What is significant?
The Queen Victoria Market comprises two separate blocks: a western rectangular block bound by Franklin, Peel, Victoria and Queen Streets, known as the Upper Market; and the eastern triangular block bound by Queen, Victoria, Elizabeth and Therry Streets, known as the Lower Market. The market began operating in 1859, and progressively acquired the Old Melbourne Cemetery site to allow for its expansion.
The Market comprises the Meat Market (1869), Sheds A-F (1878), Sheds H and I (1878), Sheds K and L (1923), Elizabeth Street Stores, Victoria Street Shops (1887, 1891, and 1923), Dairy Produce Hall (1928), Franklin Street Stores (1929-1930), M Shed (1936), John Batman Memorial (1881), and the site of the Old Melbourne Cemetery (1837-1917).
In 1837, ten acres of land bound by Peel, Fulton, Queen and Franklin Streets were set aside for the purposes of establishing a cemetery for the growing township of Melbourne; the Melbourne Cemetery was officially gazetted in 1839. The cemetery site was surveyed by Robert Hoddle, and divided into seven sections: Presbyterian, Episcopalian, Roman Catholic, Wesleyan, Jewish, Independent, and the Society of Friends. The Society of Friends' (Quaker) section was soon divided in half, to accommodate a section for Aboriginal burials. Concerns about the cemetery's proximity to the increasingly populated areas of the city, led to its closure in 1854, following the opening in the previous year of the Melbourne General Cemetery in Carlton. Despite the closure those who had claims on family plots continued to be interred in the Cemetery until 1917. An estimated 8,000 to 10,000 people were buried at the site from 1837 to 1917.
In March 1859, the Melbourne Town Council was granted the eastern triangular block for use as a market. The earliest surviving building is the wholesale Meat Market building. In 1874 it also began operating as a meat and produce retail market, and Sheds H and I were built for use by fruit and vegetable growers. The market was granted permission to take over some of the cemetery land under legislation in 1877, and following the exhumation of 45 burials, Sheds A-F were constructed in 1878. The market was officially opened as the 'Queen Victoria Market' in March of that same year. Sheds A-E were open on all sides with each divided by a service roadway, and Shed F was constructed with a brick wall on its southern side which divided the market from the remainder of the cemetery.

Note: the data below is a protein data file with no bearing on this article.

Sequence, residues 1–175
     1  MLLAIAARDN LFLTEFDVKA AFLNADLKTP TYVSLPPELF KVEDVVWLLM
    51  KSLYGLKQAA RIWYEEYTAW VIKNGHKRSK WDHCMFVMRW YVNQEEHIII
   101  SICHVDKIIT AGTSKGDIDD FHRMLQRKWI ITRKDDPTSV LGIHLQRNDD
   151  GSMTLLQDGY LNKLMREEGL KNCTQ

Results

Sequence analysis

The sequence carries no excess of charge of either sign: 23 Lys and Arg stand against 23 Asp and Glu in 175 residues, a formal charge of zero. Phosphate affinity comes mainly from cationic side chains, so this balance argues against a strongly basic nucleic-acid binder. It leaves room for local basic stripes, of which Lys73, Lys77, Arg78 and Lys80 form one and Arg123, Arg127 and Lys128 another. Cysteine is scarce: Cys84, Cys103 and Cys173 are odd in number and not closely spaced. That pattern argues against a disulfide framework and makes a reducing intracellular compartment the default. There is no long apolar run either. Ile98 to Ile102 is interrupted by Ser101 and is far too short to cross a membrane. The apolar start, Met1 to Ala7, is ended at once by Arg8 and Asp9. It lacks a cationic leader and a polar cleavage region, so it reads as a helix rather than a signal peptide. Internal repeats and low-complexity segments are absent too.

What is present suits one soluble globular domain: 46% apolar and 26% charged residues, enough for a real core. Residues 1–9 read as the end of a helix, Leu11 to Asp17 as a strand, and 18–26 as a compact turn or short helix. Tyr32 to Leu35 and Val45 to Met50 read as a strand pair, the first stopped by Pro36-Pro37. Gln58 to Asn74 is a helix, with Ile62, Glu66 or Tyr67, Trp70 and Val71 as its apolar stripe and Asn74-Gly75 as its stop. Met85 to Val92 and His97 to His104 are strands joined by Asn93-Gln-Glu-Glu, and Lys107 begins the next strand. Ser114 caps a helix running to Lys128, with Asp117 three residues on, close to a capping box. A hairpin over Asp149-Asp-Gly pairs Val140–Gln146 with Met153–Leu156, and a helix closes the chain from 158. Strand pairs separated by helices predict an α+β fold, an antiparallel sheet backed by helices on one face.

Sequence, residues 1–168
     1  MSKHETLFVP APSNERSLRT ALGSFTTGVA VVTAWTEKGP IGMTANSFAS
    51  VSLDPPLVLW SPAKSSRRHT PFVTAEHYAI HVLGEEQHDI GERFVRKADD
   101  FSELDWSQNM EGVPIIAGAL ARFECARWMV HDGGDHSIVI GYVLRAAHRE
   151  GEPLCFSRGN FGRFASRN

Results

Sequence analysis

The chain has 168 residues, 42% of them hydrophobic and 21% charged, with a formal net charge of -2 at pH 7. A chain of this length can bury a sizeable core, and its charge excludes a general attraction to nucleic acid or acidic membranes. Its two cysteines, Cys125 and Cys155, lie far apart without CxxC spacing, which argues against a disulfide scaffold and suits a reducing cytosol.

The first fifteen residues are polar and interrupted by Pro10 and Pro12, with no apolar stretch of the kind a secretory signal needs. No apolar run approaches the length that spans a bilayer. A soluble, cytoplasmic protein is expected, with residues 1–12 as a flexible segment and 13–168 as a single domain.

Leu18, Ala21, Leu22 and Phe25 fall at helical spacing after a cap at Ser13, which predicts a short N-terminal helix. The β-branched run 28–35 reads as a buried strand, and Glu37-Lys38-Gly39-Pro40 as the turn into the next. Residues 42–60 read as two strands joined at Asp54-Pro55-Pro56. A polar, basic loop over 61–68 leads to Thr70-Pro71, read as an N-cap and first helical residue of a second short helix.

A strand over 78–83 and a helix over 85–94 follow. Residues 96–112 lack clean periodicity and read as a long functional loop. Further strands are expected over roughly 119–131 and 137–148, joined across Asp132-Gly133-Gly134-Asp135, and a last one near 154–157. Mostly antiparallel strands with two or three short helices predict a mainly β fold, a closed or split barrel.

Two-storey terrace shop buildings constructed along Elizabeth and Victoria Streets in 1884 and 1887 respectively, provided a 'public' face to the market. Additional shops were also constructed on Victoria Street between 1890 and 1905.
Legislation in 1917 provided for the remainder of the cemetery land to be acquired for market purposes. The final burial took place in 1917, and as part of the transition from cemetery to market, 914 bodies are known to have been exhumed and relocated from 1920 to 1922.
Developments from this time included the construction of Sheds K and L in the Upper Market in 1923 and in the Lower Market the Dairy Produce Hall in 1928 which provided dairy producers with dedicated accommodation. On the Upper Market site, the Market Square development of 1929-1930 provided storage for market traders and merchants in two rows of sixty brick stores. This development, of which only the Franklin Street Stores survive, enclosed the market site along Franklin Street, and resulted in the market taking over the last of the former cemetery land. Shed M was constructed in 1936 on the Upper Market site.
The John Batman Memorial, in the north-east of the carpark, was erected by public subscription in 1881. While no longer in its original location, the memorial recognises John Batman who was buried in the cemetery in 1839, with his remains relocated to Fawkner Cemetery in 1922.
In more recent years some of the buildings have been renovated to accommodate the changing needs of market stall holders and shoppers.
The Queen Victoria Market is on the traditional land of the Kulin Nation.
How is it significant?
The Queen Victoria Market is of historical, archaeological, social, architectural and aesthetic significance to the State of Victoria.
Why is it significant?
The Queen Victoria Market is of historical significance as one of the great nineteenth century markets of Victoria and the only one surviving from a group of important central markets built by the corporation of the City of Melbourne. It is also of historical significance for remaining in operation from the 1870s.
The Queen Victoria Market is of historical significance as the site of Melbourne's first official cemetery, which was in use between 1837 and 1854, and intermittently from 1854 until its final closure in 1917.
The former cemetery site is of archaeological significance because it contains an estimated 6,500 to 9,000 burials. The site has the potential to yield information about the early population of Melbourne, including the Aboriginal and European communities, and their burial practices and customs.
The Queen Victoria Market is of social significance for its ongoing role and continued popularity as a fresh meat and vegetable market, shopping and meeting place for Victorians and visitors alike.
The Queen Victoria Market is of architectural significance for its remarkably intact collection of purpose built nineteenth and early twentieth century market buildings, which demonstrate the largely utilitarian style adopted for historic market places.
The Elizabeth Street and Victoria Street terraces are of aesthetic significance for their distinctive demonstration of an attempt to create a more appealing 'public' street frontage and increase revenue by enclosing the market and concealing the stalls behind a row of nineteenth century shops.'